Brotha Lynch Hung Celebrates 3 Decades of “Season of da Siccness” By Returning for “Season of da Siccness 2: Kevlar” (Album Review)

This is the long-awaited 9th full-length studio LP from Sacramento horrorcore pioneer Brotha Lynch Hung. Establishing himself with the debut EP 24 Deep & debut album Season of da Siccness, he would later regain popularity in the early 2010s after signing to Strange Music for Dinner & a Movie alongside Coathanga Strangla & of course Mannibalector an acclaimed trilogy. Bullet Maker proved to be a disappointment in 2016, so it only makes sense for him to make a comeback with Season of da Siccness 2: Kevlar & not miss the mark considering it’s importance to his discography.

After the “Yaw Ready?” intro, the first song “I Can Be a Killa” is this spine-tingling opener talking about his murderous tendencies whereas “I’ve Changed” works in some strings to explain how much he’s changed in the last decade since we last heard from him. “Get ‘Em” grisly talks about a man who was trying to commit suicide jumping off a building & a bullet striking him in the midst of him falling, but then “Gangsta” featuring G-Macc turns the symphonic elements back up getting on their g shit.

After the “Start the Car” skit, “Smoke” featuring Phonk Beta & V8 brings the trio together for a west coast flavored smoking anthem just before “Ill” featuring Swifty McVay of D12 following the “Born In It” skit eerily finding both MCs boasting how ill they are lyrically all these years later. “Viral” featuring TA has a tenser vibe to the beat as they set out to become extremely popular & spread across the internet leading into “Eyes Wide Open” dropping bodies backed by guitars & hi-hats.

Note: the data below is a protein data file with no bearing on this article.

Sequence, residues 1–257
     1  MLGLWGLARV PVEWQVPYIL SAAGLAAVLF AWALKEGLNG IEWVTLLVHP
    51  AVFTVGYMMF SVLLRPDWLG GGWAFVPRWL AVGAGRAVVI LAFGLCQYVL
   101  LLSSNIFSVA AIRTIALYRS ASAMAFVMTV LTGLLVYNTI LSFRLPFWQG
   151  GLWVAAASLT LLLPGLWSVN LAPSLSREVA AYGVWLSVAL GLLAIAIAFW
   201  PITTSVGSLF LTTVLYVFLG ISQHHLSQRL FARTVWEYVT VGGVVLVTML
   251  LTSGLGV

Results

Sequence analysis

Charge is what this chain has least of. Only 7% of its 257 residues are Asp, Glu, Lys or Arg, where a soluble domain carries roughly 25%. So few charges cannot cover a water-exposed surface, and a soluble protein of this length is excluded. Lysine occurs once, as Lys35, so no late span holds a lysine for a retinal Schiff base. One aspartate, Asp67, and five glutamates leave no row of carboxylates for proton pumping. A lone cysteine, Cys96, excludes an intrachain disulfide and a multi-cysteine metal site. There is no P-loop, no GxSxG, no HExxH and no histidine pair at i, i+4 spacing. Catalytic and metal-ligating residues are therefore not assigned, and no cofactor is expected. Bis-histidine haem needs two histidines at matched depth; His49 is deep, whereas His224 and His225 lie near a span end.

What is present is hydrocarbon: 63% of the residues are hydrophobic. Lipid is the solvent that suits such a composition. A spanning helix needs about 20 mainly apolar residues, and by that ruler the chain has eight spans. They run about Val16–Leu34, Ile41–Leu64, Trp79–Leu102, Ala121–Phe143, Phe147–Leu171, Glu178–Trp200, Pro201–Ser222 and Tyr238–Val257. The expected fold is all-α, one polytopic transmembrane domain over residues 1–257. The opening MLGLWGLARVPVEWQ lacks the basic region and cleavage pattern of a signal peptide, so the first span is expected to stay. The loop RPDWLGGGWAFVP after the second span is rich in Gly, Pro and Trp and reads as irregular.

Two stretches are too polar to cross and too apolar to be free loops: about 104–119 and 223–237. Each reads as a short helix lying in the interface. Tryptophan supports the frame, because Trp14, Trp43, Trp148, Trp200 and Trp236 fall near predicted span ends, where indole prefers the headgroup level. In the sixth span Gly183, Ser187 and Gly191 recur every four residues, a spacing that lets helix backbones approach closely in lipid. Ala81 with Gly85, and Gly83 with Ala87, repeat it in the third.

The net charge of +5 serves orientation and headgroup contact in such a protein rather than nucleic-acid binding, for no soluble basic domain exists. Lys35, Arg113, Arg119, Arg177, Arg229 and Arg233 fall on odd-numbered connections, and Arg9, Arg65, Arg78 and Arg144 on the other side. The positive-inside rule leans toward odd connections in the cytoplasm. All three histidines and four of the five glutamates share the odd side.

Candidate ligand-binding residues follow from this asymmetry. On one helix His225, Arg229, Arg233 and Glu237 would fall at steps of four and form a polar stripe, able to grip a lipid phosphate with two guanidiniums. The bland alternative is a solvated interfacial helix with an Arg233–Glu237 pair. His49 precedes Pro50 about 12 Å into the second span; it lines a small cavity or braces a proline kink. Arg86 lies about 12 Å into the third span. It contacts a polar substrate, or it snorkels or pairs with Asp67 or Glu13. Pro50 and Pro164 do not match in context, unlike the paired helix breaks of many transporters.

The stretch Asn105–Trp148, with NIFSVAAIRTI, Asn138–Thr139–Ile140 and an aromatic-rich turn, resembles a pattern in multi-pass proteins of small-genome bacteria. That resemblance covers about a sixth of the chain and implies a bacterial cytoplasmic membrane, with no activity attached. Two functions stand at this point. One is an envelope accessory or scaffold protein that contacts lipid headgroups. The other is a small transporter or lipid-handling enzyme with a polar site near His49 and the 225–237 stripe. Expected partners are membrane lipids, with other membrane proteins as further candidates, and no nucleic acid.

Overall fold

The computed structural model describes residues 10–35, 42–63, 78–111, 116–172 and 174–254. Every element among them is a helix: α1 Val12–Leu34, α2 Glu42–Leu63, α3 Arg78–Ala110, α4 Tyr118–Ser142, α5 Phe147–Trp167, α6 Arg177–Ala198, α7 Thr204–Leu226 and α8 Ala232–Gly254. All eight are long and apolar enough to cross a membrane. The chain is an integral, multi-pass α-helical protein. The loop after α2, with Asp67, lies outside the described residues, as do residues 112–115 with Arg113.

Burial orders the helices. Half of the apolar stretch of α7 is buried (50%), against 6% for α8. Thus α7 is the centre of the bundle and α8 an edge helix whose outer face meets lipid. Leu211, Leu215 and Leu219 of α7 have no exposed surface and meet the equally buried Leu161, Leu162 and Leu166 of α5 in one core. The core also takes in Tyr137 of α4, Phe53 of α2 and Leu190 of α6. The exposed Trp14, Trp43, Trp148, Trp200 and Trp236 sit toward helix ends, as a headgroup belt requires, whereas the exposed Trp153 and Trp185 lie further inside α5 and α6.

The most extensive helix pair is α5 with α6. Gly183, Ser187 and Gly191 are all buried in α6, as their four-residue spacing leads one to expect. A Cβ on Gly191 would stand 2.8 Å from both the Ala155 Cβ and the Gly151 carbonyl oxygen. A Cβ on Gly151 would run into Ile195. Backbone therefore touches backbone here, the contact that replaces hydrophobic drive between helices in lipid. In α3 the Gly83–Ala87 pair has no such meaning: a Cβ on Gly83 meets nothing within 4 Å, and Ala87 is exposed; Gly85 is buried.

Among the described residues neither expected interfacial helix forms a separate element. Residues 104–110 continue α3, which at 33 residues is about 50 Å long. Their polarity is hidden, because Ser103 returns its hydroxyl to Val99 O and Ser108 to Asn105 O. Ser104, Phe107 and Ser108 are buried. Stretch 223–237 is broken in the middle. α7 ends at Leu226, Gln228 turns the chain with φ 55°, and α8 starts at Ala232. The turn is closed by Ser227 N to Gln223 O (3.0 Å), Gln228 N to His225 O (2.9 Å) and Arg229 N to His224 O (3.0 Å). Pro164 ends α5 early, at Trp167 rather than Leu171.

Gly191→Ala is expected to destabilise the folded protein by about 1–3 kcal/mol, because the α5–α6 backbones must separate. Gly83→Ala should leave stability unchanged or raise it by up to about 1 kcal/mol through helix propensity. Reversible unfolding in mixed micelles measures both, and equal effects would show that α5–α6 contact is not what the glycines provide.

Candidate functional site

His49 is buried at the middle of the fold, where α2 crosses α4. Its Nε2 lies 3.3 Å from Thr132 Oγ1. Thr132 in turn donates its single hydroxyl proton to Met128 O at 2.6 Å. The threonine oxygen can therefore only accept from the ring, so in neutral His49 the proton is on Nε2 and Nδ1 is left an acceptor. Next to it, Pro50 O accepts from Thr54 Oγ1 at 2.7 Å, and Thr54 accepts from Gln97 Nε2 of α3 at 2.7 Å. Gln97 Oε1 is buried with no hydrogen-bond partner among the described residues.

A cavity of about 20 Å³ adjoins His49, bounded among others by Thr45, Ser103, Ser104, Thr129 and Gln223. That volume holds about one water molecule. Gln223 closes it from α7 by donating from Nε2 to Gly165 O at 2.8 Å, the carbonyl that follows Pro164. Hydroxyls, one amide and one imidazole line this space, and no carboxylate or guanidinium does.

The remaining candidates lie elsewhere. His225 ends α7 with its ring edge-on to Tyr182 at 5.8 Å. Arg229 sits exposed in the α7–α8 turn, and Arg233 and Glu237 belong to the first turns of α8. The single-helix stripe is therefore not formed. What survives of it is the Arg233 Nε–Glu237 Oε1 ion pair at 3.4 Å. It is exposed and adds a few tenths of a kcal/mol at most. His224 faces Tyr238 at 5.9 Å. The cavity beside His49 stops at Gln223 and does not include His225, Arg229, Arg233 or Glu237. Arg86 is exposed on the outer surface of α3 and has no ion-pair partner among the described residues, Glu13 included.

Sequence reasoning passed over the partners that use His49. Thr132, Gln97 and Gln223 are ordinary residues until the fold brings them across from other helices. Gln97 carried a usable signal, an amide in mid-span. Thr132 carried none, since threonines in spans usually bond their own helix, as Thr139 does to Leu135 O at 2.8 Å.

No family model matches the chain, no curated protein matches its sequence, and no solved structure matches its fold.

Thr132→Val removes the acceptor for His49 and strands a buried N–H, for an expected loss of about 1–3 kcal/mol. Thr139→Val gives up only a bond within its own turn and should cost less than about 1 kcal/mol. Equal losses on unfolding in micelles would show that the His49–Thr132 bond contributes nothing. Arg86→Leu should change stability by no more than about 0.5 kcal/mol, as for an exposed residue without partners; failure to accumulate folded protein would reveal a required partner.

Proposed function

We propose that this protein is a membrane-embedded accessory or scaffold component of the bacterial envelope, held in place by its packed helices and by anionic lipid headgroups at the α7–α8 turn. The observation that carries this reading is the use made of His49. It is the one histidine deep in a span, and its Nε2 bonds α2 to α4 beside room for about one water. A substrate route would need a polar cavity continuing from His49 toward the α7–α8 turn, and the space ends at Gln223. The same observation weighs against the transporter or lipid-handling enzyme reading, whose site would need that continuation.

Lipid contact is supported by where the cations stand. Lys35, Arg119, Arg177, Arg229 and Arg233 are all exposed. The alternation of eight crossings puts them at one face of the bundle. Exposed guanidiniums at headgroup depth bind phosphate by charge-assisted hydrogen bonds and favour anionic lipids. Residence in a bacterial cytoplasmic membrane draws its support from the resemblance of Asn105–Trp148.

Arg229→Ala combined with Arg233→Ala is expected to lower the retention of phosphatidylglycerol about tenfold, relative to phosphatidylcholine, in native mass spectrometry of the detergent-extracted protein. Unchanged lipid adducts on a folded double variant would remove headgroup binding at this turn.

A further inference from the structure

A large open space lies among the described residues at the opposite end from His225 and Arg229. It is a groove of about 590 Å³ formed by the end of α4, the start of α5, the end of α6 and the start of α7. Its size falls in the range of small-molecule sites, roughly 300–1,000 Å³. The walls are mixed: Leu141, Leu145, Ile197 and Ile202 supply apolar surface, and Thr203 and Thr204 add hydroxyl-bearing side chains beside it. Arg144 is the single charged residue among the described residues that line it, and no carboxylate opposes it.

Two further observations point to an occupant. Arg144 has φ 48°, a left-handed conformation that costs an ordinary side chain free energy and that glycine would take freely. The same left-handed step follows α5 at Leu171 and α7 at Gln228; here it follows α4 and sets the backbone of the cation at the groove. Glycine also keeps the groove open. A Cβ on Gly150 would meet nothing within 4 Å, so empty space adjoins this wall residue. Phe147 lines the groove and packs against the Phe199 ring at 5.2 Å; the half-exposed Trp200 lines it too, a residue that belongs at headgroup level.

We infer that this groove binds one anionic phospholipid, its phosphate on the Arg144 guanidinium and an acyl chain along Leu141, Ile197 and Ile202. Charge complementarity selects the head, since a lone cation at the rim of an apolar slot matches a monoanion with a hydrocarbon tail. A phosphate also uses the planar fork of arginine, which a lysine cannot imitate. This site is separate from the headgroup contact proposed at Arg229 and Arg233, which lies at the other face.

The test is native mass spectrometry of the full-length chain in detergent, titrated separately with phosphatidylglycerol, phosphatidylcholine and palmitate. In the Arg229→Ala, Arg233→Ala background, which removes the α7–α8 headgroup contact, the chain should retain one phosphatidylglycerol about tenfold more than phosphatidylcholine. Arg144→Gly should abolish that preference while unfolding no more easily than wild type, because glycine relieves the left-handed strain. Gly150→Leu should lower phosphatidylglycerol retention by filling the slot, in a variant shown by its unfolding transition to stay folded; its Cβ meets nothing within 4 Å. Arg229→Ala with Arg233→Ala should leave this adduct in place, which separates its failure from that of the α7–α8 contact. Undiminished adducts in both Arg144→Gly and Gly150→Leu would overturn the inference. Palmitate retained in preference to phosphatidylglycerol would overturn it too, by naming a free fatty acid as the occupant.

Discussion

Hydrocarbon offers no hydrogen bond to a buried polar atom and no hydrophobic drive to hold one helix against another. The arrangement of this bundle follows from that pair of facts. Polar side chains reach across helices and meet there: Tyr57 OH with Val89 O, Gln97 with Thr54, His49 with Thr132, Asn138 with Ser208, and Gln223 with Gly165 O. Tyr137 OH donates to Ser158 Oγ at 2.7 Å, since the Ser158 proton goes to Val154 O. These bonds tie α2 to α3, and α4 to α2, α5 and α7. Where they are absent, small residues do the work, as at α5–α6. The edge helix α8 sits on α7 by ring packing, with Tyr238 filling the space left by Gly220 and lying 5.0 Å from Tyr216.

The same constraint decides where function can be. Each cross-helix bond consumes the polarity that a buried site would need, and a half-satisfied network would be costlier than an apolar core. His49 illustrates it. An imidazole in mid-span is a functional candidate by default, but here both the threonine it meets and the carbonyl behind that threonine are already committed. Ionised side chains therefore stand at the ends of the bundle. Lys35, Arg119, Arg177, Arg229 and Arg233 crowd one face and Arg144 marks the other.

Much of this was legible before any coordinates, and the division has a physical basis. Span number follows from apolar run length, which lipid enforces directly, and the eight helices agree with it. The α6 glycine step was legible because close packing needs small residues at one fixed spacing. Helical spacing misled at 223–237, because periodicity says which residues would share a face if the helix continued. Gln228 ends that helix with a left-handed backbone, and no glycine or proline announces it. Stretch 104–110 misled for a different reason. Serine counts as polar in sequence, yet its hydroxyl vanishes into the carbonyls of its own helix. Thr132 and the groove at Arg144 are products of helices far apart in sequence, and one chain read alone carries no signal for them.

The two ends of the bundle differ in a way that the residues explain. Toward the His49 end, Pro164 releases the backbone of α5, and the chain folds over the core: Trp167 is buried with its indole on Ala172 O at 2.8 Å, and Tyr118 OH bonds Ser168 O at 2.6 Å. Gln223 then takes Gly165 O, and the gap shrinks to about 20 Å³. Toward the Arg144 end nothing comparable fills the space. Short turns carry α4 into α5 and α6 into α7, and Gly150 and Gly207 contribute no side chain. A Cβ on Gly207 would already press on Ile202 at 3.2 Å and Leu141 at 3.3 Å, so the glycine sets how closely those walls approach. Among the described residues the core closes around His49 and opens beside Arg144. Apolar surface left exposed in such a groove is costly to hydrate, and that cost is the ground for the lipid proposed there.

“Bang Bang” morbidly talks about being strapped while “Da Siccness” ominously brings gets on his wicked shit once again. “Blocc Monsta” has a dark, funky tone instrumentally explaining how much of a monster he is around his block while “Grrr” menacingly talks about cooking without the deep dish. After the “Grinding” skit, the final song “Southside” ends Season of da Siccness 2: Kevlar ends the sequel to Brotha Lynch’s debut profoundly getting introspective.

Over a decade in the making, it’s as if that Brotha Lynch Hung never took all that time off focusing on recapturing the essence of what made his first LP a west coast horrorcore classic & refining it in a modern fashion. His own production is as consistent as the Coathanga Strangla trilogy back during the Strange Music days & most importantly, he sounds recharged on the mic breaking down where he started & where he’s at in his life currently whilst keeping it ripgut.

Score: 9/10

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Legends Will Never Die

Just a 27 year old guy from Detroit, Michigan who passionately loves hip hop culture & music as a whole